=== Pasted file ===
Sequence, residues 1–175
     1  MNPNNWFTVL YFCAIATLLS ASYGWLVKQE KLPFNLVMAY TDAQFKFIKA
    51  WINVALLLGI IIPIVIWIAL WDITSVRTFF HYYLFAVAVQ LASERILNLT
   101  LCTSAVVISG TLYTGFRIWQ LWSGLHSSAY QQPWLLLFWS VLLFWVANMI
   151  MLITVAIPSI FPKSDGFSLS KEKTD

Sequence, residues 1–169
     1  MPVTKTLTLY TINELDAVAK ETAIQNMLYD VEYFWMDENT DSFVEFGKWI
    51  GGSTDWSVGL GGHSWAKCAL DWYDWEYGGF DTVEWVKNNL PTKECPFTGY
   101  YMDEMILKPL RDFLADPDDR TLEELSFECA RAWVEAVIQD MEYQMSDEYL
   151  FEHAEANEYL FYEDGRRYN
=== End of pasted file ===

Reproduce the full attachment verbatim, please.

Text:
Sequence, residues 1–175
     1  MNPNNWFTVL YFCAIATLLS ASYGWLVKQE KLPFNLVMAY TDAQFKFIKA
    51  WINVALLLGI IIPIVIWIAL WDITSVRTFF HYYLFAVAVQ LASERILNLT
   101  LCTSAVVISG TLYTGFRIWQ LWSGLHSSAY QQPWLLLFWS VLLFWVANMI
   151  MLITVAIPSI FPKSDGFSLS KEKTD

Sequence, residues 1–169
     1  MPVTKTLTLY TINELDAVAK ETAIQNMLYD VEYFWMDENT DSFVEFGKWI
    51  GGSTDWSVGL GGHSWAKCAL DWYDWEYGGF DTVEWVKNNL PTKECPFTGY
   101  YMDEMILKPL RDFLADPDDR TLEELSFECA RAWVEAVIQD MEYQMSDEYL
   151  FEHAEANEYL FYEDGRRYN